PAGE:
In light of the atmosphere they have created and the quality of the beer they are serving, The TapHouse folks should strive to provide better food products prepared with more skill. With a little more effort, it could be a watering hole of epic proportions with the chow to back it up.
They have the libations covered. In addition to their regular golden and pale ales and the Big Nasty Porter, they are currently offering a superb barley wine and a Hefeweizen. The ales are in the English style and are nice contrasting sides of a coin. The pale is a bit sweeter and hoppier than the golden and is an excellent sipping beer. The barley wine is just slightly carbonated and chock-full of toasty caramel flavors. It packs a punch and they generally only serve it by the half pint, as my waitress informed me. The brews are consistently high quality and well-priced at $3.75 per pint and $2.75 per half pint. They do offer guest beers by the bottle and on tap on a rotating basis, as well as a full bar. My beer choices were excellent precursors to a meal that I was anxious to partake of.
I jumped at the New Orleans Gumbo ($5.25) described on the menu as "thick and rich with large chunks of chicken, andouille sausage, okra, onion and more." It was loaded with chunks of this and that, but the base certainly didn't seem to be constructed from a roux. It had none of the toasted, nutty flavor that slow-cooked flour concoction imparts to gumbo. Instead, it tasted like chicken stock with a healthy dose of filé added. The Beer Cheese Dip ($6.50) was considerably better. It is an appropriate and tasty accompaniment to the rich and unfiltered ales. The Old Nick Pale Ale was apparent in the mix but didn't overpower the savory blend of cheeses. Served with some very fine grilled sourdough slices from the Billy Bread Bakery, this was the highlight of my choices.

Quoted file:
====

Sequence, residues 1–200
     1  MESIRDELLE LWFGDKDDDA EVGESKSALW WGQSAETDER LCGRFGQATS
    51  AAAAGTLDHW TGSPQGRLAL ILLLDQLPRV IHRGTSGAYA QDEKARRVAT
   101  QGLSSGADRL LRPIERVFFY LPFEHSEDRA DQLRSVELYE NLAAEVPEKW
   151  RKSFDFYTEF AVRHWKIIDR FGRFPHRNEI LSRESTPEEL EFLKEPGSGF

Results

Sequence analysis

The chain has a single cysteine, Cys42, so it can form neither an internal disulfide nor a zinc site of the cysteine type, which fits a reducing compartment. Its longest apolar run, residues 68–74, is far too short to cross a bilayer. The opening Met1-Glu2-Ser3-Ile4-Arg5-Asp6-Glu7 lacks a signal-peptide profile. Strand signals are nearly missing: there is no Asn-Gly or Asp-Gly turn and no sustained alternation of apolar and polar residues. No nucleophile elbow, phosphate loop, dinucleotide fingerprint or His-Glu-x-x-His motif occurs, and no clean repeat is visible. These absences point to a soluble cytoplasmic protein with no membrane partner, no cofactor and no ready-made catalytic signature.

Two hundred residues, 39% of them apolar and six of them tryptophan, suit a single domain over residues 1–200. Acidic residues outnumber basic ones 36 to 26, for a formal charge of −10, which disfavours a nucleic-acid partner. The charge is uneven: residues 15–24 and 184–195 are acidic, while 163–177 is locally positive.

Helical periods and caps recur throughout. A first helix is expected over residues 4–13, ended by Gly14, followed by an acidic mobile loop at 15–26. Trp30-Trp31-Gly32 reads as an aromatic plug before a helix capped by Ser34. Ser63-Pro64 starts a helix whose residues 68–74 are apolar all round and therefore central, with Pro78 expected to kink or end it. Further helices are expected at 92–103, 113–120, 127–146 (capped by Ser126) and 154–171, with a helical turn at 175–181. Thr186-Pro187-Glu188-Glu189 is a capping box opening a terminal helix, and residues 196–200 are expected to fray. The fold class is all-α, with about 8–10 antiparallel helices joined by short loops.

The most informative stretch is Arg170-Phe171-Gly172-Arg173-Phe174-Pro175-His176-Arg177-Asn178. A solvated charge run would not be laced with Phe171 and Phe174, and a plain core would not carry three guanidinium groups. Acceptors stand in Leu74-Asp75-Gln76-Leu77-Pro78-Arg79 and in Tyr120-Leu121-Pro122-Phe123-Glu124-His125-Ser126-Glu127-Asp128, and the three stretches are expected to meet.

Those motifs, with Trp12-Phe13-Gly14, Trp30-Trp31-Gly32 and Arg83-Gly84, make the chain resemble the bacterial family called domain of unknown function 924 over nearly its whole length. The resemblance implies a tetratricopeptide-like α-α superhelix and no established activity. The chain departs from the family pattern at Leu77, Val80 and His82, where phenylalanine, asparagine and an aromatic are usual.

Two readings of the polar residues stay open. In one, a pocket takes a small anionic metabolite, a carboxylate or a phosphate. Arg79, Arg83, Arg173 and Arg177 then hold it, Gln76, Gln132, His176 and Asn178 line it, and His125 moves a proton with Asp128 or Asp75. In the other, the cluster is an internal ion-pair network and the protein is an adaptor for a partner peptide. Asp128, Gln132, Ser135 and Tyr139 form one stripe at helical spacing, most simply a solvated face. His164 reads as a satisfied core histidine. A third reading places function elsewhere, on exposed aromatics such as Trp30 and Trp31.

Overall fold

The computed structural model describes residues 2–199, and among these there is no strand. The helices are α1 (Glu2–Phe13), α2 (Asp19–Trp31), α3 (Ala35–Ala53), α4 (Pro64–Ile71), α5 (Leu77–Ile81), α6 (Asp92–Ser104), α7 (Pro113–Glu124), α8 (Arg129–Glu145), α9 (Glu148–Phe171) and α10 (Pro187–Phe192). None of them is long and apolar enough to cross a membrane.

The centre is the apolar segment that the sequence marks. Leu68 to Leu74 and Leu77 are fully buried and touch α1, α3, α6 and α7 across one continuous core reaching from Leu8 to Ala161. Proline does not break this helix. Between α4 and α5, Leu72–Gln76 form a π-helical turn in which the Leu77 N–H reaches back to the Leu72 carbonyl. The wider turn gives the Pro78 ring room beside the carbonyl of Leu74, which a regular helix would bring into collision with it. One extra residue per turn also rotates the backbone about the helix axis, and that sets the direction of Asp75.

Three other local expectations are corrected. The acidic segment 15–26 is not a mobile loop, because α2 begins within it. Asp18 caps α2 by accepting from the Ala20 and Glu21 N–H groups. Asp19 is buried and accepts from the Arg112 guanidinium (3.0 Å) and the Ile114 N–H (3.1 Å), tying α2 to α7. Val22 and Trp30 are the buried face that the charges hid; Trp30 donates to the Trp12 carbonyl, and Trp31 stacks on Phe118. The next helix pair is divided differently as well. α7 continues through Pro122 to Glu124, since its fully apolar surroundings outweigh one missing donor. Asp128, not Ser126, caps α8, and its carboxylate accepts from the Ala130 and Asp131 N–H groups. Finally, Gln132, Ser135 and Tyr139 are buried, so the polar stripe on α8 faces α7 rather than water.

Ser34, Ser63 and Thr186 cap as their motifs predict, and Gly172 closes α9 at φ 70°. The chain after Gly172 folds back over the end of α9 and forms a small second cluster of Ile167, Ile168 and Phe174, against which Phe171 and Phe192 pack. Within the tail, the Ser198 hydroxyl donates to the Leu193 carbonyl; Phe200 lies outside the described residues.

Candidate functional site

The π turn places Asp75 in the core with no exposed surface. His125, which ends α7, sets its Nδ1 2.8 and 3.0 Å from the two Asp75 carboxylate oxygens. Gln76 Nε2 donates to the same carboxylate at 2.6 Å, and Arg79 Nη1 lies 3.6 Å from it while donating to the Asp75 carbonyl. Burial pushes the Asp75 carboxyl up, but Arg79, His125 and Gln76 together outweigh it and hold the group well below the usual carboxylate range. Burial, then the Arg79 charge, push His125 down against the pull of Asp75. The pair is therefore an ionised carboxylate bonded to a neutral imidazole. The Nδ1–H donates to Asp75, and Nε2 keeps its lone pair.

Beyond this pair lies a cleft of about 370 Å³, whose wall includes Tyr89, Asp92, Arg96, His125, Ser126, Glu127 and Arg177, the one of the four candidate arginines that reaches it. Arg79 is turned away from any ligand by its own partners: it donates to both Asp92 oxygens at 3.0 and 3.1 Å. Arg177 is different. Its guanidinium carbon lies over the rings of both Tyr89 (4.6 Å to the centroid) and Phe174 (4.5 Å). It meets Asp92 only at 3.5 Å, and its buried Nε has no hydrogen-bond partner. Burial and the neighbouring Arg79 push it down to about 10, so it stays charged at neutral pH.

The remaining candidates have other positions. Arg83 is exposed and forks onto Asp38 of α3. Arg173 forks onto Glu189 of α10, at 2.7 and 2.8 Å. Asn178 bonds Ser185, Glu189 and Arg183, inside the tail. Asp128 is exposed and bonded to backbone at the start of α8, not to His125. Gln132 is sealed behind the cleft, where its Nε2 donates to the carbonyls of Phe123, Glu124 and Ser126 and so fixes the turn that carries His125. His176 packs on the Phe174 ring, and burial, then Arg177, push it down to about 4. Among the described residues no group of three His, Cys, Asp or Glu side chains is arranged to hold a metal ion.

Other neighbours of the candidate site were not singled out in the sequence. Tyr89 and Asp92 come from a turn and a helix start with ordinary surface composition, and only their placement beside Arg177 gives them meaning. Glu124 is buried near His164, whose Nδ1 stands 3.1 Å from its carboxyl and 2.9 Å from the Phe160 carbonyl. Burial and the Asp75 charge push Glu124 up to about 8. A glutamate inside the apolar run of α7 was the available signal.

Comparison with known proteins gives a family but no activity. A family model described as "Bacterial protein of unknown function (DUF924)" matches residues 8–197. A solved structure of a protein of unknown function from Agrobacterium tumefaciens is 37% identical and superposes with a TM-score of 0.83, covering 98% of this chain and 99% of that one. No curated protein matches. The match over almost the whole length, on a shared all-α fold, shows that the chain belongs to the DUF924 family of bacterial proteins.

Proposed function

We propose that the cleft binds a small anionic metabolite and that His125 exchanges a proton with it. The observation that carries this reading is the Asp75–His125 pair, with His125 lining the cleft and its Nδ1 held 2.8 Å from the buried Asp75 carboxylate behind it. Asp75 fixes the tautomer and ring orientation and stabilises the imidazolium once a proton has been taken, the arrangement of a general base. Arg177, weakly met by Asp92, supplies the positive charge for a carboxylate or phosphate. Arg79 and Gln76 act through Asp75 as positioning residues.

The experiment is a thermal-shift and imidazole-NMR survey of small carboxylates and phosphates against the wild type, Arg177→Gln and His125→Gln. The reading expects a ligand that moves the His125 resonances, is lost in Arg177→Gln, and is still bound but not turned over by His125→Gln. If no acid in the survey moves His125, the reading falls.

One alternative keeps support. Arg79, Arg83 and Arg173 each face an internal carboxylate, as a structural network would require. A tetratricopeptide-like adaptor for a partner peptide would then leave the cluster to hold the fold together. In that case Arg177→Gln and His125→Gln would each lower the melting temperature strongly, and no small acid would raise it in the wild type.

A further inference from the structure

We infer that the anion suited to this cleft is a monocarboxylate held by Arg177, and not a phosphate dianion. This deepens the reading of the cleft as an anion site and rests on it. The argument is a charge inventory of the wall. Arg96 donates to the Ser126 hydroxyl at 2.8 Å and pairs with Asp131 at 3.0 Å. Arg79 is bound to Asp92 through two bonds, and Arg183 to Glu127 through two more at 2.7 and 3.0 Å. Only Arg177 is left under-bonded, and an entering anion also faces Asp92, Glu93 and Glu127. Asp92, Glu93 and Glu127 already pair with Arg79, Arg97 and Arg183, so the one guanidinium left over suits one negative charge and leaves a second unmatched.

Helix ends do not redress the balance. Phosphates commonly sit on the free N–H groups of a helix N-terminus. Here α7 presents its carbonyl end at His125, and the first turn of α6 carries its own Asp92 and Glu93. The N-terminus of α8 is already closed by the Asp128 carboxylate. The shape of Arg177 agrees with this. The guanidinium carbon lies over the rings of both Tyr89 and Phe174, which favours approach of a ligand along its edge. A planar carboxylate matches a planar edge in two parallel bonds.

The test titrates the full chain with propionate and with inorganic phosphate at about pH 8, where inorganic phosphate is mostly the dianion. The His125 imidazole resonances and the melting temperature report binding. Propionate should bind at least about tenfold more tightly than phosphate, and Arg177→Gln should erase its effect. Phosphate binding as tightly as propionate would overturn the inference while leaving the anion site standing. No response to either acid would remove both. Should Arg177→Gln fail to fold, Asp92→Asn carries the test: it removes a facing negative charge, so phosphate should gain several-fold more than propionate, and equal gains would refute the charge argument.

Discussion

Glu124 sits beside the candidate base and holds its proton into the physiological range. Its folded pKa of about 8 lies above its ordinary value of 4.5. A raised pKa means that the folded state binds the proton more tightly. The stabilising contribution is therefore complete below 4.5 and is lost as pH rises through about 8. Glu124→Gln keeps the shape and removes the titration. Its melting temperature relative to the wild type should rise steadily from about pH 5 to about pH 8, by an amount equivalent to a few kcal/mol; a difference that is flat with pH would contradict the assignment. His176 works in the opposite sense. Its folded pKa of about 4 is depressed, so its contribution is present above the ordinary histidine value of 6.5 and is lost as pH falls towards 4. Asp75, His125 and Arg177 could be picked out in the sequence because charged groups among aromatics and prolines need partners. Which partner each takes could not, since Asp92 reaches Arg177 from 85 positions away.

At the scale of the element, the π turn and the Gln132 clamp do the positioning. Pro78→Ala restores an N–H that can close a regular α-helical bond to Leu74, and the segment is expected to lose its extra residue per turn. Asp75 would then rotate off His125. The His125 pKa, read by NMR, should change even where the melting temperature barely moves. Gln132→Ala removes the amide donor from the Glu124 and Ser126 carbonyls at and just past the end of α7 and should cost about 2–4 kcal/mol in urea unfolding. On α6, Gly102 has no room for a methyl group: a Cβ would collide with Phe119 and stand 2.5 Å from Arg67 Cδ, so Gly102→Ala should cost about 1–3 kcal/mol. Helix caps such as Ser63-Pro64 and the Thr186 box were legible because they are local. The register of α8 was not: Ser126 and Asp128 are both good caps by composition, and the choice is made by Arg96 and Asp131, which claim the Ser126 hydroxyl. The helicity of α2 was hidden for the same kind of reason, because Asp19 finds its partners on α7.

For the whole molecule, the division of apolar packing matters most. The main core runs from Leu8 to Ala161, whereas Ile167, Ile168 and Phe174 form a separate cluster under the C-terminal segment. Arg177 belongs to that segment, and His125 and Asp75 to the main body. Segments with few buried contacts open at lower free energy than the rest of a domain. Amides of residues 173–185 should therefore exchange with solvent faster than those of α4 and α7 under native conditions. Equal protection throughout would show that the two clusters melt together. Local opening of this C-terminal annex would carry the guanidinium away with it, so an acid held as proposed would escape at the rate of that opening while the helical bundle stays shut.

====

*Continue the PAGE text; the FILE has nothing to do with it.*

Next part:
The entrée list is short; they offer only seven regular choices. I tried the Roasted Red Snapper and the Mixed Grill Kabobs, both $15.95. The Snapper was exceedingly tough. I couldn't cut through it completely without the assistance of a knife. The sauce looked and tasted suspiciously like the gumbo without the chunky parts and didn't complement the flavor of the fish. The kabobs featured shrimp, scallops and steak. The shrimp was overcooked and mealy. The scallops were prepared well but didn't taste like much. The steak bits were about a fourth of an inch thick, suggesting that they might have been carved from one of those pre-pressed steak strips. They were also awfully salty, pointing again to the strip theory.
As a whole, the food I ate was disappointing. I don't think that the food at a taphouse should be excessive or exquisite. It shouldn't detract from the beer. But I think that The TapHouse Grill could do better for its customers and, consequently, for itself by putting as much effort into the preparation of the food as they have in to the preparation of everything else.
TapHouse Grill ($$$)
1212 E. Cary St.
Hours: Tuesday through Saturday 4:30 p.m. to 11 p.m.
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